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Pseudoblothrus oromii is a cave-adapted species known from a single island, S. Jorge (Azores, Portugal). It has a very small Extent of Occurrence (EOO = 4 km²) and Area of Occupancy (AOO = 4 km²). The species is rare and only known from a single subpopulation in the lava tube of Gruta da Beira. The area surrounding the cave is heavily impacted by human activities. Further research is needed into its population, ecology and life history. A habitat management plan is needed and one is anticipated to be developed during the coming years. We also suggest as future measures of conservation the regular monitoring of the species (every ten years) and limiting access to the cave. The species is assessed as Critically Endangered (CR), mostly due to its small Extent of Occurrence (EOO) and Area of Occupancy (AOO) and the decline in habitat quality.
Pseudoblothrus oromii is an Azorean-endemic, cave-adapted pseudoscorpion species known from a single island, S. Jorge (Azores, Portugal) (Borges et al. 2010), and occurring in a single cave; the lava tube of Gruta da Beira. The Extent of Occurrence (EOO) is 4 km² and the maximum estimated Area of Occupancy (AOO) is 4 km².
The species is rare and only known from a single subpopulation on S. Jorge island. The area surrounding the cave is heavily impacted by human disturbance.
Current Population Trend: Decreasing
There is limited information regarding this species' ecology and life history. Gruta da Beira is a 200 m long lava tube opening on a slope near a urbanised area. The surrounding area is highly disturbed by agricultural fields, mostly intensive pasture. The genus Pseudoblothrus is exclusively cave-dwelling (Mahnert 1990). Specimens were found near the entrance of the cave, under rotting wood and other organic litter. It is a cavernicolous (i.e. a troglobitic species) predator and/or saprophagous species.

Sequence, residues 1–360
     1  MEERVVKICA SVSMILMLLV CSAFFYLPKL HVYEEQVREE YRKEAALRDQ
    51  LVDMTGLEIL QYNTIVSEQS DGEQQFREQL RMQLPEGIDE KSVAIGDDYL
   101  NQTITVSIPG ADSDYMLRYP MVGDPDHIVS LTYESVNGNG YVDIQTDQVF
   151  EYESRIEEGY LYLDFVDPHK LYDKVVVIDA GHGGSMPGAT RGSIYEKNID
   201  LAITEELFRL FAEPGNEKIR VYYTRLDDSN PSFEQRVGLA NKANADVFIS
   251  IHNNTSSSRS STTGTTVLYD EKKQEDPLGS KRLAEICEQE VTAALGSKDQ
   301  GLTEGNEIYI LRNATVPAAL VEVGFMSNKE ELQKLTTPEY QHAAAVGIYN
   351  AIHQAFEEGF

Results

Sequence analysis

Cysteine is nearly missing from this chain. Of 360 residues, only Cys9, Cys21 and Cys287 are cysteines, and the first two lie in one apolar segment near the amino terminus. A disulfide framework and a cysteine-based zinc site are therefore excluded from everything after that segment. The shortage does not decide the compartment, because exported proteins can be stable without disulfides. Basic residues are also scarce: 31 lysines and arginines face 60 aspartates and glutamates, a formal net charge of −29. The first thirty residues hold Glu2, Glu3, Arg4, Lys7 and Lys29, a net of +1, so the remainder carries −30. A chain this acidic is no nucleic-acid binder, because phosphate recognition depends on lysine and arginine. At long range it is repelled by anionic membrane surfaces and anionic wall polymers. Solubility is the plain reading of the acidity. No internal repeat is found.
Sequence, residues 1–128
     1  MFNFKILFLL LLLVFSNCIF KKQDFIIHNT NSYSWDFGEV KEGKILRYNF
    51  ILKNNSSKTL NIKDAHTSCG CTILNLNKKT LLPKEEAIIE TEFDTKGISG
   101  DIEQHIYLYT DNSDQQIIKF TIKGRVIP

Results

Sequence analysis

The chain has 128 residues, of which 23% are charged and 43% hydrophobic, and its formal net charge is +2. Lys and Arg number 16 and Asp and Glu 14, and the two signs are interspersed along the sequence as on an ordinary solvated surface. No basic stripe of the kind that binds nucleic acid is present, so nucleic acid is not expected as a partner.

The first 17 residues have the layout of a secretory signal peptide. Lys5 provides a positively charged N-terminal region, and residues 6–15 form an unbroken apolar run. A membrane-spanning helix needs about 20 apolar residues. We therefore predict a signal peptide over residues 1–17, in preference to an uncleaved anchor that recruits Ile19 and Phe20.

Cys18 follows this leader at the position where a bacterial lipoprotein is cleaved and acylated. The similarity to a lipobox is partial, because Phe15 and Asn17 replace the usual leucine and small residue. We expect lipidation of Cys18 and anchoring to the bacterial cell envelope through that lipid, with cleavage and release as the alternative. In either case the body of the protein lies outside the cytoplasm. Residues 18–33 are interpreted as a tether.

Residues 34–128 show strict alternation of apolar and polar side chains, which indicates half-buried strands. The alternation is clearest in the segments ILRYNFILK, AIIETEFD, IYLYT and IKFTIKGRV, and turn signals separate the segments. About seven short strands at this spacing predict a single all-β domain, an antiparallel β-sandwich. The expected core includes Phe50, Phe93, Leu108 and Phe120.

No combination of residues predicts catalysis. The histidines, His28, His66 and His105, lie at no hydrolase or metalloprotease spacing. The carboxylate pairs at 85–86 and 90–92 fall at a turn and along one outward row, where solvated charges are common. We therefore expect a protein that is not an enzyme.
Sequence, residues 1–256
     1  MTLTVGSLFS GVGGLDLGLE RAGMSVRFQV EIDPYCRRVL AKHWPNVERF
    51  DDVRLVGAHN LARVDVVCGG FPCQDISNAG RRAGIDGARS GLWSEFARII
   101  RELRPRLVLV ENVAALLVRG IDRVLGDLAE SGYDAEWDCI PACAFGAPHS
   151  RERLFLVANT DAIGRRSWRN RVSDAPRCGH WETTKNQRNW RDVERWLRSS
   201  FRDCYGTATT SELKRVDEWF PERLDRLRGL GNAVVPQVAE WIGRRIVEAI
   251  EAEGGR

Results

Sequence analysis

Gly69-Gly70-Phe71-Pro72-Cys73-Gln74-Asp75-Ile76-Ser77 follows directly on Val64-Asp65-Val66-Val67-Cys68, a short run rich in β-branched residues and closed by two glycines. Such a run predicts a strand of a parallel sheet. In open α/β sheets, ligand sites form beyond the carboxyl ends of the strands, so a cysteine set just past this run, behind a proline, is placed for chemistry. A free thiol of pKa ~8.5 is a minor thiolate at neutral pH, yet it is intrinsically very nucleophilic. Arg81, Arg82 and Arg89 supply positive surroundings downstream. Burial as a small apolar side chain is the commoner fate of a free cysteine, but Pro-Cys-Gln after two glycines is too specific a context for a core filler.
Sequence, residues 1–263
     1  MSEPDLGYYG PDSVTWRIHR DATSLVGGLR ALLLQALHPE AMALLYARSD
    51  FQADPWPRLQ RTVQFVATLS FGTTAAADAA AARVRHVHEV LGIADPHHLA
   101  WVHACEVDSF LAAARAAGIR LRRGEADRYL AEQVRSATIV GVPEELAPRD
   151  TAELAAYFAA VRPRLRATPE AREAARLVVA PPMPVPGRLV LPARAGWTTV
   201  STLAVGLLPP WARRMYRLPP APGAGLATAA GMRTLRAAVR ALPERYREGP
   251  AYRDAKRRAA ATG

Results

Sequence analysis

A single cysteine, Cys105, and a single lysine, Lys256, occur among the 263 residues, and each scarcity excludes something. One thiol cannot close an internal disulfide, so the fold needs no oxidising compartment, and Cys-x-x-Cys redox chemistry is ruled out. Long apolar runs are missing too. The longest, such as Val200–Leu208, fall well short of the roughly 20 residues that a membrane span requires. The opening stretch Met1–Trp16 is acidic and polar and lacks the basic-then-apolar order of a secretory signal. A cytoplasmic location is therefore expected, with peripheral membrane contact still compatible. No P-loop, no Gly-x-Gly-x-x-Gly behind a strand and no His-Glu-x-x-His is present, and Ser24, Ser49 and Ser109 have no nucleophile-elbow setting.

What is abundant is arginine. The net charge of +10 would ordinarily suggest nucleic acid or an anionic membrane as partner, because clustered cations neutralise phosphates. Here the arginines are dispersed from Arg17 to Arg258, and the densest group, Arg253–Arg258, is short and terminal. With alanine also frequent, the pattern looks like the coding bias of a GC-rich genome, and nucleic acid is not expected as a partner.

The main current threats to this species are the degradation of habitat quality due to the impact of urbanisation, agriculture activities, agricultural and domestic pollution, and recreational cave visitation. However, there are several future potential threats: climatic changes (see Ferreira et al. 2016) that can change the conditions inside the cave; changes in the road infrastructure around the cave; potential human recreational activities with cave visitation and geological events (volcanic activity and earthquakes).
The species is protected by regional law (RAA 2012), however, the cave where it occurs is not protected. Land-use changes are one of the main current and future threats, and conservation measures should be extended beyond the cave. Further research is needed into its population, ecology and life history; and a monitoring plan for the invertebrate community is necessary in order to contribute to the conservation of this species. As a future conservation measure, the limiting of visits to the cave could be considered. A habitat management plan is needed and one is anticipated to be developed during the coming years.